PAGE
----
Ng Chai Man And Another v Leung Ngan

CourtCourt of Appeal (Hong Kong)
Judgment Date19 Jul 1983
Judgement NumberCACV55/1983
SubjectCivil Appeal
CACV000055/1983 NG CHAI MAN AND ANOTHER v. LEUNG NGAN

CACV000055/1983

Civil Appeal
No. 55 of 1983

Headnote

Interest - Damages - Personal Injuries - new guideline on rate of interest to be awarded for non-economic loss.

Held: (dismissing the appeal against the assessment of damages): The decision of the House of Lords in Wright v. British Railways Board [1983] 3 W.L.R. 211 showed that the guideline laid down by the Hong Kong Court of Appeal in Wong Yuk Chau and Another v. Tang Suk Yee - Civil Appeal No. 13 of 1983: 24th March 1983 - [that interest on general damages for pain, suffering, loss of amenities and loss of expectation of life should continue to be at the full economic rate] was wrong and, in the light of de Lasala v. de Lasala [1980] A.C. 456, must be corrected since the legislative provisions which require interest to be awarded and the principles upon which the rate of interest is assessed are the same in Britain and Hong Kong. The new guideline would therefore be that the rate of interest to be awarded in personal injury action on damages for non-economic loss should be 2%.

IN THE COURT OF APPEAL 1983, No. 55
(Civil)

BETWEEN

NG CHAI MAN

1st Appellant

THE KOWLOON MOTOR BUS CO (1933) LTD.

2nd Appellant

AND

LEUNG NGAN

Respondent

Coram: Hon. Leonard, V.-P., Cons & Fuad, JJ.A.

Date of hearing: 19 July 1983

Date of Judgment: 19 July 1983

_______________

J U D G M E N T

_______________

Fuad, J.A. :

1. This is an appeal against an assessment of damages for personal injuries made by a Commissioner of the High Court in a decision given on the 26th February 1983. At the trial the Appellants, the Kowloon Motor Bus Co. and one of their drivers, denied liability but there is no challenge before us regarding the Commissioner's finding of negligence, and so the manner in which the Respondent, Madam Leung Ngan, sustained her injuries, does not call for examination. The Commissioner found the following: that as a result of the accident which occurred on the 16th August 1981 Madam Leung, then aged about 61, and a widow for many years, sustained a fracture of the medial side of the upper end of the left tibia. She stayed in hospital for 19 days while the fracture was treated, and she had to wear a plaster cast on her leg for six weeks in all. After the cast was removed she used crutches for three months and then a walking stick for a further two weeks. There was permanent damage to the condyle of the tibia, in that the front part of the lateral condyle is slightly depressed downwards by one or two millimeters and a bony projection protrudes at the front of the tibia. Since the fracture involves the condyle, which is partially displaced and is a weight-bearing section of the surface of the knee joint, osteoarthritis would inevitably develop. The impairment was assessed at 1% but would increase to 3-4% impairment by the age of 70.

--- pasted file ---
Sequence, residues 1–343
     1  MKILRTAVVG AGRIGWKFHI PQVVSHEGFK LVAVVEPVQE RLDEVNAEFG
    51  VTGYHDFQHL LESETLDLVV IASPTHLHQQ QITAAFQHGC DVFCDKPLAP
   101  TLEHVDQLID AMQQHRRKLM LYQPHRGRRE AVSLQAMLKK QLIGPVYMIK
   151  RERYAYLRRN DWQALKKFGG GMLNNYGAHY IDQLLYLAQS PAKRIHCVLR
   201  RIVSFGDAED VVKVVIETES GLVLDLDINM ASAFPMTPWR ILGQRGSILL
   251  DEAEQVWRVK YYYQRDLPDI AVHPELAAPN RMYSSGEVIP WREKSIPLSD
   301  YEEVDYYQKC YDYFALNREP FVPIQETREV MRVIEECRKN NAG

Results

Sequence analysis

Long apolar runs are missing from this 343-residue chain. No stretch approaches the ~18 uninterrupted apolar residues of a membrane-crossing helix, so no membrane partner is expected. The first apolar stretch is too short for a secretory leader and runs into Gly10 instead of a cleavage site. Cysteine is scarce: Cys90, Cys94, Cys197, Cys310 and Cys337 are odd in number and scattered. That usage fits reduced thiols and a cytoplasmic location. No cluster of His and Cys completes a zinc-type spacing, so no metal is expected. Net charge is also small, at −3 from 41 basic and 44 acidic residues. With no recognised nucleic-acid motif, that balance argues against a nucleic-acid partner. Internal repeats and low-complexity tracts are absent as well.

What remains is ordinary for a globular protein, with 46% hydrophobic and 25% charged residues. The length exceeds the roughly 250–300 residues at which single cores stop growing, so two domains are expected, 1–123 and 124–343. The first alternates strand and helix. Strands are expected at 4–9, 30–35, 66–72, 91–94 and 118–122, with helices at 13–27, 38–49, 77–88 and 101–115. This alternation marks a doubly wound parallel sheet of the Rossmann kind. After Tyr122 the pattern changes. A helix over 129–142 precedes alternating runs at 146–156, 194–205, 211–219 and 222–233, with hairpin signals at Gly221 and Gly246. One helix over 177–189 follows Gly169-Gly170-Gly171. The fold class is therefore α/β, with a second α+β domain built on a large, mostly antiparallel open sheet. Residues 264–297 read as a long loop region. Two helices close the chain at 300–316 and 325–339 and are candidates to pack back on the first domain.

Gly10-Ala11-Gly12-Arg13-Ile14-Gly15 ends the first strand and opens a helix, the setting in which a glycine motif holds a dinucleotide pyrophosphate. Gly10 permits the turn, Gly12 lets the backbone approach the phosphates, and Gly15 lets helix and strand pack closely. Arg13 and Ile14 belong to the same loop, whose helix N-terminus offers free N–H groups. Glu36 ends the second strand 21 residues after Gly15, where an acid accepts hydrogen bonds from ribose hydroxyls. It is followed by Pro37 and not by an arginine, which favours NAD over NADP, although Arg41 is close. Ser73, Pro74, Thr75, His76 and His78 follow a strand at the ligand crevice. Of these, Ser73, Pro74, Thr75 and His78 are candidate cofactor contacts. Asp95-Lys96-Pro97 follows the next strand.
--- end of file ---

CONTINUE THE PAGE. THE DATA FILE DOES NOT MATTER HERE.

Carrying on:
2. Madam Leung, the Commissioner found, was unable to walk as far as she could do before the accident or to stand for more than one or two hours at a time without pain and discomfort. While she was not crippled, she had a stiff knee and could no longer squat - her disabilities were permanent and would gradually worsen as osteoarthritis developed.

3. The Commissioner awarded Madam Leung $18,000 damages for pain, suffering and loss of amenities. This part of the award is not attacked.

4. Madam Leung had been employed as an amah, and in reaching a figure upon which to base an award in respect of her loss of earnings, the Commissioner decided that he should set $500 per month as the value of the food and accommodation she was getting from her previous employment. The Appellants say that this assessment is wrong. The Commissioner recognised that this item was not easy to assess but having accepted that Madam Leung had been contributing $500 a month to the household expenses of her son's home where she had been living since her discharge from hospital, he said "I do not consider that sum to be unreasonable, and I am prepared by analogy to use that figure as a fair estimate of the value of the food and accommodation she was...

To continue reading

Request your trial

VLEX uses login cookies to provide you with a better browsing experience. If you click on 'Accept' or continue browsing this site we consider that you accept our cookie policy. ACCEPT